Religions of New Zealanders
Dunmore Press, Palmerston North, 1991, $39.95
The objective of this study is to further understanding of the broad variety of religions now present in New Zealand, looking at them both in the context of their character as world-faiths, and in the New Zealand experience. The high point of the book is undoubtedly the final chapter by the editor, Peter Donovan. Donovan has a deep sensitivity to the forms of spirituality in different religions and a wisdom about what this means in terms of our ways of thinking. He challenges the view of them as ‘non-Christian religions’, by which we lump together many alien forms. He also has a shrewd understanding of the workings of New Zealand society, which has always given room for religion, but not much room. It is a valuable insight.
There are seventeen chapters in this book, of which seven are devoted to Christianity, six to great world religions, one to traditional Maori religion, one to humanism, one to women and religion, and the editor’s conclusion. The balance is reasonable. Many of the world faiths described have very few supporters in New Zealand, but their distinctiveness calls for separate coverage. There are some unfortunate omissions. Humanism is not representative of all the rationalist and free-thought positions. Jim Wilson is chary about describing the numerous westernised forms of Hinduism which abound in contemporary New Zealand. The Church of Jesus Christ of Latterday Saints, which has the support of a significant minority of our population, is increasingly described by scholars as a new religion rather than just a Christian sect, but it receives cursory and superficial attention here.
A book like this is designed to explain the inner workings of religion to outsiders. In fact some of the authors prove unable to give a sympathetic but non-proselytising portrayal of their faith’s beliefs, behaviour, world context and place in New Zealand society. Some chapters do little to translate the religion into terms meaningful to others. In some essays we are given overwhelming detail of their tiny group of New Zealand believers, and told little of the character of the religion; while other essayists analyze the history and beliefs of the religion, but say virtually nothing about their New Zealand presence. The Judaism chapter tells us little about either aspect. Two essays are particularly good: Chris van der Krogt’s study of Islam carefully covers both, although at some length, and Betty Duncan’s chapter on Christianity among Pacific Islanders conveys the feel of Pacific Islanders’ churches and religious forms in New Zealand, although she does not explain their origins.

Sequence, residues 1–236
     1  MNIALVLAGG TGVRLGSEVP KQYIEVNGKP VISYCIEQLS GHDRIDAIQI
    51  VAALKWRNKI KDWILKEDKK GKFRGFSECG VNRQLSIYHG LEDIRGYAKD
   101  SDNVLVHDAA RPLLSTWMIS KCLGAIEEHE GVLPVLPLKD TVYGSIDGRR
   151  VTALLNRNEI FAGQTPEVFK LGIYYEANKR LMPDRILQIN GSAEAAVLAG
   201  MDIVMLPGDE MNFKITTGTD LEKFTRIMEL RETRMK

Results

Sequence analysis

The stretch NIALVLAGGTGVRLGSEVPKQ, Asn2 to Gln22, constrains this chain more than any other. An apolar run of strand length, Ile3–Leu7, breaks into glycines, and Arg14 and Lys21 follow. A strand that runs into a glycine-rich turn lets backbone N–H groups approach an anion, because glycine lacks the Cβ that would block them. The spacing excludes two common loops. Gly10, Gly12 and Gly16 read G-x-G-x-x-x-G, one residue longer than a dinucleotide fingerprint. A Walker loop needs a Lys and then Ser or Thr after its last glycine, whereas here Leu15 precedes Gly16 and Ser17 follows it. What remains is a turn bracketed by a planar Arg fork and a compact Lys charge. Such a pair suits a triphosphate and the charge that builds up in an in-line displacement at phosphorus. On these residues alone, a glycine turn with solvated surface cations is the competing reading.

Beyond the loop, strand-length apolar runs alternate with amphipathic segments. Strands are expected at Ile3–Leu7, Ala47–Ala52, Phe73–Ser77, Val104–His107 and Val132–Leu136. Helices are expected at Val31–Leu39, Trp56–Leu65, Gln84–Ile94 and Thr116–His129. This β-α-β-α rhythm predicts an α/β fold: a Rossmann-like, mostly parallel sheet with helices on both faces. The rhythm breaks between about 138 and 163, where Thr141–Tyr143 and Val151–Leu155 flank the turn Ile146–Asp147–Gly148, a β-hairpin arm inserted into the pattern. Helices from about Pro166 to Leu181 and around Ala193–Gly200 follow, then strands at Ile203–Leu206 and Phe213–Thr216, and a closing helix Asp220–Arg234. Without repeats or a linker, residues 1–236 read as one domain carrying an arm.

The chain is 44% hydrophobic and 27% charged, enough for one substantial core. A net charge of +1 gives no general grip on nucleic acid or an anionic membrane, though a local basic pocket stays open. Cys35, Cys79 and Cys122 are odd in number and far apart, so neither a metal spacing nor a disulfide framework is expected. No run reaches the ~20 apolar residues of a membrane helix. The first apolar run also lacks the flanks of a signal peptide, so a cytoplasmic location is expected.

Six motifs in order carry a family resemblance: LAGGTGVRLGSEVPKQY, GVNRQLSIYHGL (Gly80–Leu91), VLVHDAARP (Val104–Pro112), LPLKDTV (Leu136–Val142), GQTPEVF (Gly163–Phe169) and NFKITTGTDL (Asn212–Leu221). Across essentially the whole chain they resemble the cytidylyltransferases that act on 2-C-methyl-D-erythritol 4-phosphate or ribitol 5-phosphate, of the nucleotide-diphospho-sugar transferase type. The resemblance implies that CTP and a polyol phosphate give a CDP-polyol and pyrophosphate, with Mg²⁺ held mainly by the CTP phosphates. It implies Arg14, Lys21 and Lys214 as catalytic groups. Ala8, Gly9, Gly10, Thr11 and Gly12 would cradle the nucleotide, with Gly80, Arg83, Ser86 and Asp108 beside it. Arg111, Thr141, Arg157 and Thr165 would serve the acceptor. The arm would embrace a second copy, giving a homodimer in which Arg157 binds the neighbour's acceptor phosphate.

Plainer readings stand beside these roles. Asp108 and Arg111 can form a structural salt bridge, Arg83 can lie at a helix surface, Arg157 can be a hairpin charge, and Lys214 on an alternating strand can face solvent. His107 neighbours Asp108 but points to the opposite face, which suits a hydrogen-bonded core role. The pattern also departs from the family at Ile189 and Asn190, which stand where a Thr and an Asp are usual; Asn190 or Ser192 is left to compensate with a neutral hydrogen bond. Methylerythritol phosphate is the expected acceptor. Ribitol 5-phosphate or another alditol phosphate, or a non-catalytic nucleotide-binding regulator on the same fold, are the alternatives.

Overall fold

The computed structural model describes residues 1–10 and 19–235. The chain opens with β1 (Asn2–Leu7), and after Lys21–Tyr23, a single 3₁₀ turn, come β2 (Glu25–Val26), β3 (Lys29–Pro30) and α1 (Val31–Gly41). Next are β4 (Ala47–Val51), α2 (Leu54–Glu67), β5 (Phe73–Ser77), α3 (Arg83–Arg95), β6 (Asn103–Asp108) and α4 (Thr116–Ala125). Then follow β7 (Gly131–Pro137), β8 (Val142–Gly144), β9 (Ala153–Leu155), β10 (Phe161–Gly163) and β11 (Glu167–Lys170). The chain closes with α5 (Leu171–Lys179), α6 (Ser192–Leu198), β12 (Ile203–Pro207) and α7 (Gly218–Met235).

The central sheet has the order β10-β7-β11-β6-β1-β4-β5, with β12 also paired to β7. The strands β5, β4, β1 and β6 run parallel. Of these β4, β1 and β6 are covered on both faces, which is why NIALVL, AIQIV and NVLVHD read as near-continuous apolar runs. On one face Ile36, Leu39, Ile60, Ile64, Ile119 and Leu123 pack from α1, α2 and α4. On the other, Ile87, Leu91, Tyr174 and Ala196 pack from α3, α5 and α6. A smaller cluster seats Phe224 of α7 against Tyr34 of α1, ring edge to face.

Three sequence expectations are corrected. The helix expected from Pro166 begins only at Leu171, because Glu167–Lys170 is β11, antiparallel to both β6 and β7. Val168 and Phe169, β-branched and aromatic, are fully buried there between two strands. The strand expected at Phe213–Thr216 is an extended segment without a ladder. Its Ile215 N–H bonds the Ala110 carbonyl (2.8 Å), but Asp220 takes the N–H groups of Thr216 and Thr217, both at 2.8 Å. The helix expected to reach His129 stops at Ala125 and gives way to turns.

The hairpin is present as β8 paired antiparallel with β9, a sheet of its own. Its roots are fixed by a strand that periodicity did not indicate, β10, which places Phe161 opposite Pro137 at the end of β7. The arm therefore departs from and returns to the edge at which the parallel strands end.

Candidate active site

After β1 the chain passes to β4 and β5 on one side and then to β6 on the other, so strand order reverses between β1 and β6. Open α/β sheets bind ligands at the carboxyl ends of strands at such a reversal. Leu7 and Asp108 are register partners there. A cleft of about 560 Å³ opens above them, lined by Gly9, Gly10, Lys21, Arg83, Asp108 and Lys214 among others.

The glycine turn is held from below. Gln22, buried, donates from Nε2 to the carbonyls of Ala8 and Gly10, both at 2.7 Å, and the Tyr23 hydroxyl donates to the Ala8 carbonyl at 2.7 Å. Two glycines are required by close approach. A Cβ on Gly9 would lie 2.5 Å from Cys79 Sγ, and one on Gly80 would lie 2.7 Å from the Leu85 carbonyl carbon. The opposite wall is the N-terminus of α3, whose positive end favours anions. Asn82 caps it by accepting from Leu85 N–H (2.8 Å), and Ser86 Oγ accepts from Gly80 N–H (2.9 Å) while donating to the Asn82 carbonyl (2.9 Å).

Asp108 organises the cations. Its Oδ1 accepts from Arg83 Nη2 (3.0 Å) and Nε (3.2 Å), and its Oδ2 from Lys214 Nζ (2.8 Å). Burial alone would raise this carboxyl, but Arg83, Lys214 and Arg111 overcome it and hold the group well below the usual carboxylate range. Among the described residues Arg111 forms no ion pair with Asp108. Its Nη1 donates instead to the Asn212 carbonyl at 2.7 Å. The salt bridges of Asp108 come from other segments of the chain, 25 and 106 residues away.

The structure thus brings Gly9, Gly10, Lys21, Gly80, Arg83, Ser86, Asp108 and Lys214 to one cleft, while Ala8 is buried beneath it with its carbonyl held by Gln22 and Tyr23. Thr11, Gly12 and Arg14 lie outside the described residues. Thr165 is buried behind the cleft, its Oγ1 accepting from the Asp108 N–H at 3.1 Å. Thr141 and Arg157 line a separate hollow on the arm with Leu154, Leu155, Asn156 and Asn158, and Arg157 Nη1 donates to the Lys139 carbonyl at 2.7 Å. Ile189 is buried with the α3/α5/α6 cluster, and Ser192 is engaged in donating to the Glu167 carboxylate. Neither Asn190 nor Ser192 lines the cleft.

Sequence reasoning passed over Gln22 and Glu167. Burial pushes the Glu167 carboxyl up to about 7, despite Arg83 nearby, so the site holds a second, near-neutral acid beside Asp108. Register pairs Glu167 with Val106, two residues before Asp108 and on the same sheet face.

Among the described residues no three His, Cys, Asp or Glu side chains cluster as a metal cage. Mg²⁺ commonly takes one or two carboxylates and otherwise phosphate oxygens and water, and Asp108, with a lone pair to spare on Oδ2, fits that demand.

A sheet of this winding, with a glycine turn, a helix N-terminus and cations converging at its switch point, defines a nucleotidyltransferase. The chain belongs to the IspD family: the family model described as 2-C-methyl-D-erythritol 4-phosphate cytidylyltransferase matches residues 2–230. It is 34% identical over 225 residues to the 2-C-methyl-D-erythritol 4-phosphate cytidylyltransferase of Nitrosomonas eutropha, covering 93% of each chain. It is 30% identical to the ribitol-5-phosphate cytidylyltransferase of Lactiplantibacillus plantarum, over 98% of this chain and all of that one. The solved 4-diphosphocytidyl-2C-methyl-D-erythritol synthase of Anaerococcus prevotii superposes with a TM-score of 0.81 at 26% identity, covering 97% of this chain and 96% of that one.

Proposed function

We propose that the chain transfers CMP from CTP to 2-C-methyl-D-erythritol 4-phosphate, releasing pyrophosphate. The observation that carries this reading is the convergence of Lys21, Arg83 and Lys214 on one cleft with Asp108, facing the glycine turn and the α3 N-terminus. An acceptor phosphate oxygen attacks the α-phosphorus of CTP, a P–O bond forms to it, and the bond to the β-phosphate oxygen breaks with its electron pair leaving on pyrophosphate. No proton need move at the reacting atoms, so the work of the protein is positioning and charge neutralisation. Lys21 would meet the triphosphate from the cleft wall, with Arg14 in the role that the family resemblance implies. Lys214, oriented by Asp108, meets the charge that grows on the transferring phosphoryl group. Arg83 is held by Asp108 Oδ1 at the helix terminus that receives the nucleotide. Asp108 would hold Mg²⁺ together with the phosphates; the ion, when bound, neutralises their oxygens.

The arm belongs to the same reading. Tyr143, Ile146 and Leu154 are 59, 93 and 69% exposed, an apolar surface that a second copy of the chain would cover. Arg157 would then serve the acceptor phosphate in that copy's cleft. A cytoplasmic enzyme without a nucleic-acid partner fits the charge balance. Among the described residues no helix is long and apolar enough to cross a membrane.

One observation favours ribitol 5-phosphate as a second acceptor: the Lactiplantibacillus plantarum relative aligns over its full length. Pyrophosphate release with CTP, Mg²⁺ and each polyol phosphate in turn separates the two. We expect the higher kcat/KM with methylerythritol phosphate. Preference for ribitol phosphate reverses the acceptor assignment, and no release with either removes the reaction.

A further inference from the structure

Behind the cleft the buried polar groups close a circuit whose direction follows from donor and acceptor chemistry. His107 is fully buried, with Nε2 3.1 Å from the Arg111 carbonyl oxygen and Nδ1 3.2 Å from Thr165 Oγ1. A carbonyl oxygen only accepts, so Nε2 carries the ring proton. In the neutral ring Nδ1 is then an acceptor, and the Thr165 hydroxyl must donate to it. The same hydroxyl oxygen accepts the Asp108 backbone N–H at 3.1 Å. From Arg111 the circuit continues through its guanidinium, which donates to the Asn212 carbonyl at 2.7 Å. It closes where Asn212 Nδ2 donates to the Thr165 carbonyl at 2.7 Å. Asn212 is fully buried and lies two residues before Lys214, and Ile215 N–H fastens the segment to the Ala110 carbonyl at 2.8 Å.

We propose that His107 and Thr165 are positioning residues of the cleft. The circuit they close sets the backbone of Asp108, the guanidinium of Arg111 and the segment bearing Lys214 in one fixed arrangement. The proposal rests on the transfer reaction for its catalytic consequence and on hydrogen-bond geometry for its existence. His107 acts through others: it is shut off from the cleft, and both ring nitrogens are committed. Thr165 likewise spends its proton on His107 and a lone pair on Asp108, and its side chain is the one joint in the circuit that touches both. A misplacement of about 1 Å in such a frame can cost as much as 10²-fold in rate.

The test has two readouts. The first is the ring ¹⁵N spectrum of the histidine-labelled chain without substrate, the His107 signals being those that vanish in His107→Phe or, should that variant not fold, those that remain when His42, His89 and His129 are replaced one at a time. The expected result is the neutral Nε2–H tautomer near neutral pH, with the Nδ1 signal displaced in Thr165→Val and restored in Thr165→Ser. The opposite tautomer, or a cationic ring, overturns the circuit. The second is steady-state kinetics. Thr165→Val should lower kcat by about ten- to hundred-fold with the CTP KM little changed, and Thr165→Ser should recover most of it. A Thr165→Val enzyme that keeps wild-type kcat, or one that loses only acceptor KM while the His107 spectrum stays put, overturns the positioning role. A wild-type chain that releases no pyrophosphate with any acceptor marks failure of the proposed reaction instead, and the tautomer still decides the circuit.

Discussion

The Maori chapters (one given pride of place at the beginning, over-riding the otherwise alphabetical listing; the other in the Christian section) are disappointing. The late Te Pakaka Tawhai conveys something of Maori mood towards religion, but does not explain anything about its practice. Manuka Henare provides a simple and clear coverage of Christian forms, but his comments on Ringatu and Ratana are confined to one paragraph!
The Christian chapters are, despite their number, rather inadequate. Christianity is dominant among the religions in our society, and seven chapters should portray its diversity. Unfortunately they do not. Essays on the phenomenology of Christianity should not have as their starting-point the secularisation of society and the decline of Christianity. Donovan recognises this in his concluding essay, but the argument is so habitual to sociologists of religion that some cannot abandon it. The Catholic experience receives excellent attention from Elizabeth Isichei, but it was a mistake to devote a chapter to the history of the mainline churches before 1960, however careful Colin Brown’s approach, and the churches included as ‘mainline denominations’ are not defined. Then Jim Veitch, supposedly writing on recent Protestantism, trundles out his usual generalisations on the Geering controversy (along with a casual glance at the Charismatic movement). The bizarre complement to this is a chapter in which Brian Colless examines ‘alternative churches’ on a comparative basis. This seems to me to contradict the central thrust of the book: that each religion needs to be understood in its own terms. Overall these chapters seem an odd way to describe patterns of contemporary Christianity.
The contributors all labour to say something about women and their religion. It is all rather dull and formulaic until the second-to-last chapter, which is a rabid essay on women’s spirituality by Catherine Benland. The scope is not a specific religion, for there is none, unless it be what the author terms Neo-paganism. Frankly, Benland’s sermon on finding the goddess, and her diatribe on patriarchal religion would not be tolerated in an academic work in any other era. If the book is intended to build tolerance and understanding, it presupposes an attitude towards others which is necessary if we are all to live together. Benland will have none of this; she is a crusader and her cry is ‘Death to the infidel’.
I think we can all learn that understanding others does not mean compromising our own values. But the exercise is never as easy as it sounds. It is precisely because of the deep significance of religion that it leads more often to tension than to understanding. The book makes some progress, and I’m grateful for that.
Peter Lineham is Senior Lecturer in History at Massey University, a specialist in New Zealand religious history and author of several books and articles.